Firstly, I want to say: Use this map if anyone is ever name-dropping Manhattan neighborhoods. You can nod your head in agreement, and maybe even catch them in a mistake, like “Ohh… actually my friend, Ashley Anne Harrell lives in Yorkville, Burrough of Manhattan, New York City, New York State, United States of America, Earth.

With that, here are some of my recent observations – whether in Yorkville or Chelsea…

My Neighborhood:
1. The “park” on the corner. This outdoor seating area is technically considered a park, but is just a little concrete area with some flowers growing in boxes around metal benches. There is a man who sits there all day, harassing the little old ladies who come to sit/watch/talk. I think the man looks a little creepy, a little annoying… but the ladies shoot it all back his direction. I think this is single senior behavior.
2. Construction. New York City public transportation boasts the arrival of a new subway line – to be finished by 2013… Well they are doing their first round of construction slash demolition right at the corner of my block. My next-door neighbor told me that 2nd Avenue used to be lined with beautiful old trees, which were removed shortly before the jack hammering and bull-dozing began. I’m not complaining on this one, because it’s an advancement for the city – but it just sucks that the neighborhood lost a lot of it’s “charm.”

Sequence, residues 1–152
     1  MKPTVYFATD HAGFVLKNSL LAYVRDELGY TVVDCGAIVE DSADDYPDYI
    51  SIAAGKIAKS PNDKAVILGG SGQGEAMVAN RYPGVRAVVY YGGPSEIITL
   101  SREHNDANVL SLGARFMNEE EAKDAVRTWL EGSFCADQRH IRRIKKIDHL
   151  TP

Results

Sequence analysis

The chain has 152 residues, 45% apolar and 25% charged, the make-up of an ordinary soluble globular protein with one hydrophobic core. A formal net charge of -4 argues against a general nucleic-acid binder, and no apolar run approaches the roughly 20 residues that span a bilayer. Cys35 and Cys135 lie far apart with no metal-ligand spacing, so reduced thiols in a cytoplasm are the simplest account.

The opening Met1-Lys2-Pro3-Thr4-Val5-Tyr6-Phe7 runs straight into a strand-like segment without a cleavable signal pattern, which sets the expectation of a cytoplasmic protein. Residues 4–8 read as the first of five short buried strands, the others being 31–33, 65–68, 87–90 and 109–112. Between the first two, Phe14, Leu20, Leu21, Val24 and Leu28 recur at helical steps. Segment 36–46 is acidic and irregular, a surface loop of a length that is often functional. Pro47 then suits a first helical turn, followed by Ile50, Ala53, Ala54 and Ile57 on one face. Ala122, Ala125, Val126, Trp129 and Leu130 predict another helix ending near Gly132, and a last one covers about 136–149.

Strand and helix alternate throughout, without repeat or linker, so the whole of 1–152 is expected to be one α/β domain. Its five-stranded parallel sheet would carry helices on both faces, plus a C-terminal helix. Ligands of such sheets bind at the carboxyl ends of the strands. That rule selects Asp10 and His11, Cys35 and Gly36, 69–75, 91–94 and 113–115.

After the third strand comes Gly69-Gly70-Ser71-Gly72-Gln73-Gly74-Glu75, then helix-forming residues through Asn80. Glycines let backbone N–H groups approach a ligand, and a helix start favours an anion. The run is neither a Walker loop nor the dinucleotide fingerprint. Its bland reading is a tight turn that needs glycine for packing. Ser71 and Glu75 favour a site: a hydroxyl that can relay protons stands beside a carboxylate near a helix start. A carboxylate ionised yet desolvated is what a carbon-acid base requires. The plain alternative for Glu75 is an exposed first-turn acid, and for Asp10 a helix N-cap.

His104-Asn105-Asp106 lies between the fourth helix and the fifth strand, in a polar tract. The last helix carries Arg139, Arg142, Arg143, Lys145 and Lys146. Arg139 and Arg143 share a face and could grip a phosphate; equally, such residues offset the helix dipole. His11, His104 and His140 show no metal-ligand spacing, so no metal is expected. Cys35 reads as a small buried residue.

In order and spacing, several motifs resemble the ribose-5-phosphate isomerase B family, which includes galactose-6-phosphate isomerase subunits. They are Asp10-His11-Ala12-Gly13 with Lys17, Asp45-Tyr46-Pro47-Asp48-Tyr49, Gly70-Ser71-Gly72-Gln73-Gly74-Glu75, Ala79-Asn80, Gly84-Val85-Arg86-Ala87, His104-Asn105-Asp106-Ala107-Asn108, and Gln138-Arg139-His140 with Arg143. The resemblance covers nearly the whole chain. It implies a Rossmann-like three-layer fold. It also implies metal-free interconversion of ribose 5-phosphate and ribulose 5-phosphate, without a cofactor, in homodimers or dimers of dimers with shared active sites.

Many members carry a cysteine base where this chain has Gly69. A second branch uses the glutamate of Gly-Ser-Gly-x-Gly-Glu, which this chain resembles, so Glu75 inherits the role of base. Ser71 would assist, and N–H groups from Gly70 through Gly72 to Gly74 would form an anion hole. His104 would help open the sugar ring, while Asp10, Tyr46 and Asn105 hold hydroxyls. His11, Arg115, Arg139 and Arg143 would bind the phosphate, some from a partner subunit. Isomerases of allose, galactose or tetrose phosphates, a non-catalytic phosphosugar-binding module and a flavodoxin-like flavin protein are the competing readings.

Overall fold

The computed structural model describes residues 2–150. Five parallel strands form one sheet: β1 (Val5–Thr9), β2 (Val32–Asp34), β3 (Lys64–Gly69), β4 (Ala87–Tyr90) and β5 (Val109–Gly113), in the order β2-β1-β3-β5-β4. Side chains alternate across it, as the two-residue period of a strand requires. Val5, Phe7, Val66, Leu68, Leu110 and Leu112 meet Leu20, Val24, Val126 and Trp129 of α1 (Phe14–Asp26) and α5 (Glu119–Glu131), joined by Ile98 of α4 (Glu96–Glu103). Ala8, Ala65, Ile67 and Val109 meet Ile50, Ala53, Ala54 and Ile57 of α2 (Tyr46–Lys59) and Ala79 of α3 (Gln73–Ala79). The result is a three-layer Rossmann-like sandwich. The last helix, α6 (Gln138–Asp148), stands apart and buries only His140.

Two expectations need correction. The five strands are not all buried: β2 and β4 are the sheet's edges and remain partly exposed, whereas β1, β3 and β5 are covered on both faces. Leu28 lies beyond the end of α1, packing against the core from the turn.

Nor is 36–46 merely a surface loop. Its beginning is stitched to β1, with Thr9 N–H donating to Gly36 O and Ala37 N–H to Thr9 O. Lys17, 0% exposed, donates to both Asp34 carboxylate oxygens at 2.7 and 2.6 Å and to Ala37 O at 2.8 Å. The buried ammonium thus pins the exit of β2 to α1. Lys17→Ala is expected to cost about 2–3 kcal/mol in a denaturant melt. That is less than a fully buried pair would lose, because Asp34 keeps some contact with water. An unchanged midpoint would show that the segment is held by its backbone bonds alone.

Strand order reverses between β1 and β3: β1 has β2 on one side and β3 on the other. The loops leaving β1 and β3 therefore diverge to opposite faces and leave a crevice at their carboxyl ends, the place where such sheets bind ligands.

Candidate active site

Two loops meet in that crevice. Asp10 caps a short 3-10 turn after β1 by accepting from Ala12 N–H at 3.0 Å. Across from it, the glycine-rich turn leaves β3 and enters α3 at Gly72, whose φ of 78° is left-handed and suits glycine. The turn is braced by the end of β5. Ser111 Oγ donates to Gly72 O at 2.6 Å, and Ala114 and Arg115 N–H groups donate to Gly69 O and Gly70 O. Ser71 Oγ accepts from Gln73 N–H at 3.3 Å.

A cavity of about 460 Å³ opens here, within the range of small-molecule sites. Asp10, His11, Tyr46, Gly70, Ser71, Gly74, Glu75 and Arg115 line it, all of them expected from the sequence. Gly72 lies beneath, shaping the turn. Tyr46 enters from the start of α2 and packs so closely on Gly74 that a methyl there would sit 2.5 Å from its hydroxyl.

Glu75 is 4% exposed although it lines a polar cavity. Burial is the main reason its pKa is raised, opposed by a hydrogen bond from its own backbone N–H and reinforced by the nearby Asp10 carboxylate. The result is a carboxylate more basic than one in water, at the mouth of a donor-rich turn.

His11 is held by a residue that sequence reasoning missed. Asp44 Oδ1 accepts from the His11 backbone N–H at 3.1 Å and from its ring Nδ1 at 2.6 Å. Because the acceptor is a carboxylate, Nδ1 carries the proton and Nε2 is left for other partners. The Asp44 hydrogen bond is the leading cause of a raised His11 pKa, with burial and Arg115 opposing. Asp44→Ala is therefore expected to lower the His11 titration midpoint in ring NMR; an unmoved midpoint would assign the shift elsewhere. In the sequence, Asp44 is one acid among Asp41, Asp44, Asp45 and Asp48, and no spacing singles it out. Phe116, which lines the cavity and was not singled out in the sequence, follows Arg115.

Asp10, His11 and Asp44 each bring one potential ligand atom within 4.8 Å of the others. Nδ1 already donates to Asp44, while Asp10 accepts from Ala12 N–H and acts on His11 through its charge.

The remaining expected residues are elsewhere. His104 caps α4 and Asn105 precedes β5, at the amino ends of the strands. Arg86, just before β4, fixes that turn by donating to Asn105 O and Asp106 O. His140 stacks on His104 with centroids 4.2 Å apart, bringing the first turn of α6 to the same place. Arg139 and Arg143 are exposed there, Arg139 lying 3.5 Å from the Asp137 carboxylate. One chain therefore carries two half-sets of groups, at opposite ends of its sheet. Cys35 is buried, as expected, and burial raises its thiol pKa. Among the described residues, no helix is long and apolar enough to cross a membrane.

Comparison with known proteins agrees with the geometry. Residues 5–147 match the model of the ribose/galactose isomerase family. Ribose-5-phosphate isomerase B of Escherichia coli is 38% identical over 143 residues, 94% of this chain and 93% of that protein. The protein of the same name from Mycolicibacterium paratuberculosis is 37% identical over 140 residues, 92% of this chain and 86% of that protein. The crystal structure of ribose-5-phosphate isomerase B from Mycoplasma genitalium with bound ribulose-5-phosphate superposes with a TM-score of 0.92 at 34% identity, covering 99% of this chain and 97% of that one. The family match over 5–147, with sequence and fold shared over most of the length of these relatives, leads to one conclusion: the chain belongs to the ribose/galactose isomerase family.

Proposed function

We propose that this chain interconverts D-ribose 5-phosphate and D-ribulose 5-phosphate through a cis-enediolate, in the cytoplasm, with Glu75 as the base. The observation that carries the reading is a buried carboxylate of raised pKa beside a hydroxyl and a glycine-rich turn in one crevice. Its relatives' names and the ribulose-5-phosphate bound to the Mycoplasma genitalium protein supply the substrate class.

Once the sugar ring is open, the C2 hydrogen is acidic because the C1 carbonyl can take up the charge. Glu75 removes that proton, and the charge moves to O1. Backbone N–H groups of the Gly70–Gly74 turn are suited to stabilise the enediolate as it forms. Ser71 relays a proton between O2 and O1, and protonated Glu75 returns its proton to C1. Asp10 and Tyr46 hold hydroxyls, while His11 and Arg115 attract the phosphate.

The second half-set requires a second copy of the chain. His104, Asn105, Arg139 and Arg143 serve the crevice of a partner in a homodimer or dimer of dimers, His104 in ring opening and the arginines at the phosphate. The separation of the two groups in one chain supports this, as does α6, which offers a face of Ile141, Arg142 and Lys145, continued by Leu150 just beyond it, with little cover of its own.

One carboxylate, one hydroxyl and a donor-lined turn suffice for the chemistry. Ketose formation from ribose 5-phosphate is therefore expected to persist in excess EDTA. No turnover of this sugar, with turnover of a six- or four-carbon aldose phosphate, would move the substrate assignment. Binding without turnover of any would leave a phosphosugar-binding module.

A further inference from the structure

3. Traffic. It’s different than California, folks. Taxi drivers will kill you if you get in their way… think – Frogger. Because of all the construction on 2nd Avenue, a lot of the sidewalks have been moved and destroyed, so this makes street-crossing a sticky situation. And there are traffic cops… but they don’t do much. Look both ways.
4. The massage parlor downstairs. It’s a seedy little joint next to Koito Sushi (Koito makes Brian think of the word “coitus”). When you walk by this place, you notice the pink curtains and neon sign which is mysteriously always displaying “open.” The most distressing feature of this business is the video feed that runs 24/7, displaying someone’s legs being massaged. [shudder]
5. Water tower. There are always people working on it. I can see it perfectly out my window.
6. Koito Sushi. How can they afford to always have half price sushi? Why don’t they just change the prices on their menus, and instead they are just a cheap sushi place?
7. Strollers. We all know you have a baby – in a stroller… but, can you please get off your cell phone and move over to allow others to walk on the sidewalk? I think it’s an upper-east-side thing.
8. Key Food. They always have a decent 6-pack for $3.99.
9. Crowe’s Nest. While on the subject of beer, this is an Irish bar with charm and some good happy hour prices… and awesome accents! Not bad for a half block away.